The Effects Of Post Traumatic Stress Disorder ( Ptsd )

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The Developmental Psychopathological Approach to Post Traumatic Stress Disorder (PTSD) Introduction This report endeavours to provide a Developmental Psychopathological Approach of Post-Traumatic Stress Disorder (PTSD). Developmental Psychopathology is broadly conceptualised as depicting the dynamic processes underlying ‘typical’ child development (Campbell, Cummings & Patrick,2003). An awareness of ‘typical’ and ‘atypical’ developmental characteristics at varied ages and developmental stages is crucial for parents and health professionals. Through the use of developmental psychopathology, clinicians and parents are able to gain an insight into children’s behaviour, as well as acknowledge assessments, therapeutic planning and treatments…show more content…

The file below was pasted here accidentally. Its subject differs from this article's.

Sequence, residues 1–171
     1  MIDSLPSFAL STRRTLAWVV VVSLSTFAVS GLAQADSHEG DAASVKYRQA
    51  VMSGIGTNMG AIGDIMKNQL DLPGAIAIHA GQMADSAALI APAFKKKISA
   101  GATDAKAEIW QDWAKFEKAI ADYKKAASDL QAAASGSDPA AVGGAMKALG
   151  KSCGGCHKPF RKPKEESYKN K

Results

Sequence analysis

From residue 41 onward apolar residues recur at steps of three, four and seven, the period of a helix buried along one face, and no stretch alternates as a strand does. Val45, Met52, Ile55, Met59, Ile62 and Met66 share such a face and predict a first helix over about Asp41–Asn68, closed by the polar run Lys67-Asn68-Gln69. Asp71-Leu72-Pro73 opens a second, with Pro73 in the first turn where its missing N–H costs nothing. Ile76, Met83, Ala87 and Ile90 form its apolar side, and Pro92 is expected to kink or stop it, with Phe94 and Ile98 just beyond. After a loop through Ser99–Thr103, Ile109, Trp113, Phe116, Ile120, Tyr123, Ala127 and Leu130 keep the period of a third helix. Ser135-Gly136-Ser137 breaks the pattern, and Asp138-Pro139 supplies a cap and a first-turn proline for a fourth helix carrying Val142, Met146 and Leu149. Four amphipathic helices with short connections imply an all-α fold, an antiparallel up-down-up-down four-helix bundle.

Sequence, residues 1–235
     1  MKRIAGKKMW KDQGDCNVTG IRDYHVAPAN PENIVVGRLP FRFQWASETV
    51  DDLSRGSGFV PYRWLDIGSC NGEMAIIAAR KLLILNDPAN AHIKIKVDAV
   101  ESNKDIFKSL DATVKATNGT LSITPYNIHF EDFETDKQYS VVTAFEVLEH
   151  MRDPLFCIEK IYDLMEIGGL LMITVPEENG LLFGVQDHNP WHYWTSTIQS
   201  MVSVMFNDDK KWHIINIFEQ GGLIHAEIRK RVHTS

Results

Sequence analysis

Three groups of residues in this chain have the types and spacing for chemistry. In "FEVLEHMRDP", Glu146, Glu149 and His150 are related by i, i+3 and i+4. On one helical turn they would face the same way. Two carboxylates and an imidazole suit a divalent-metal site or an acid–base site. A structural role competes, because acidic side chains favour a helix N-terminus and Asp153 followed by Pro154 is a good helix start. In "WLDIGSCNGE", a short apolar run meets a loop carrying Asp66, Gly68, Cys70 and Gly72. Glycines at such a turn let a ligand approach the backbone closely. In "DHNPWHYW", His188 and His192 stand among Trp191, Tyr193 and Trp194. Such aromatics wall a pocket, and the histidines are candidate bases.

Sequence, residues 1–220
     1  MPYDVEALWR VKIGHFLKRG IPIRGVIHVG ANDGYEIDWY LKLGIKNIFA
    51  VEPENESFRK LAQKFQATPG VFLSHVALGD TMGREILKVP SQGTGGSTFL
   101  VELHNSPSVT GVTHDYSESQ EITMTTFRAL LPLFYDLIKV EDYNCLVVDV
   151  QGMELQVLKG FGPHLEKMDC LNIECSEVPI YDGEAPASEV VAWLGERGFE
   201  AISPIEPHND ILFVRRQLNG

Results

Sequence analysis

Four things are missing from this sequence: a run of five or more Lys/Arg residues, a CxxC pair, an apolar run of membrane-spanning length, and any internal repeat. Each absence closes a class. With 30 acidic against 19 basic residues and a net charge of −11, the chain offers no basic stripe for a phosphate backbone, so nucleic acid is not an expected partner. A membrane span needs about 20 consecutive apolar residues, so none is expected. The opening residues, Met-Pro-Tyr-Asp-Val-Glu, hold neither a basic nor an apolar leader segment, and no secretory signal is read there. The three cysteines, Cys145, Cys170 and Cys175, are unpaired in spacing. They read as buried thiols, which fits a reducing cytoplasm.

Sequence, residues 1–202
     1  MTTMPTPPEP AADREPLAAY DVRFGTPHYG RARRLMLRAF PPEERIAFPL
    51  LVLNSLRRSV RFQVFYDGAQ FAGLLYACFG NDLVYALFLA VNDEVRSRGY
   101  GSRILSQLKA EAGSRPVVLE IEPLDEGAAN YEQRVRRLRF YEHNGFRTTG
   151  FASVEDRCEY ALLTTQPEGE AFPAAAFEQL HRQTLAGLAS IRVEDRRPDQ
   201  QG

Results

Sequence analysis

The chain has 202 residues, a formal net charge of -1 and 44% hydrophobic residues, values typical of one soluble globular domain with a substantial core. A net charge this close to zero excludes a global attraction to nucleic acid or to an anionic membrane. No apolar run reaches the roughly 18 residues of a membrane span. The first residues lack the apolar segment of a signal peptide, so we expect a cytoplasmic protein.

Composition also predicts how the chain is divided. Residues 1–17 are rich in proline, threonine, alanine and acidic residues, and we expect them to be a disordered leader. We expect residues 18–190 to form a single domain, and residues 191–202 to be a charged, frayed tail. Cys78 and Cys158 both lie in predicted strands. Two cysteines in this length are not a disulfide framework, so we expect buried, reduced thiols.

In general, children who experience a single-occurring trauma display symptoms of PTSD within a year. In some cases this can be delayed and re-emerge in later life. The diagnosis of PTSD originated in the 1980s’s when war veterans displayed symptoms. PTSD was consequently only conceptualised for traumatised adults in the Diagnostic and Statistical Manual of Mental Disorders (APA, 2013).However, recent studies proposed that children and adolescents between 1-18 years old show distinct symptoms that contribute to the development of PTSD. As a result, the DSM -5 issued a new sub-type criterion for Preschool children under the age of six. These core symptoms are divided into four clusters: re-experiencing, emotional numbing, avoidance and hyper-arousal (APA,2013). Individuals must display at least one symptom from each cluster for one month or longer and it must cause significant distress to the child’s development. Children with PTSD may re-experience the trauma through intrusive forms of thought, flashbacks, nightmares and emotional or physical distress. Young children tend to generalise recurring nightmares into unrecognisable content, such as monsters. In addition, children may experience the trauma through repetitive play, re-enactment and destructive behaviour. The second cluster is avoidance patterns. This refers to children avoiding distressing thoughts, feelings and reminders of the
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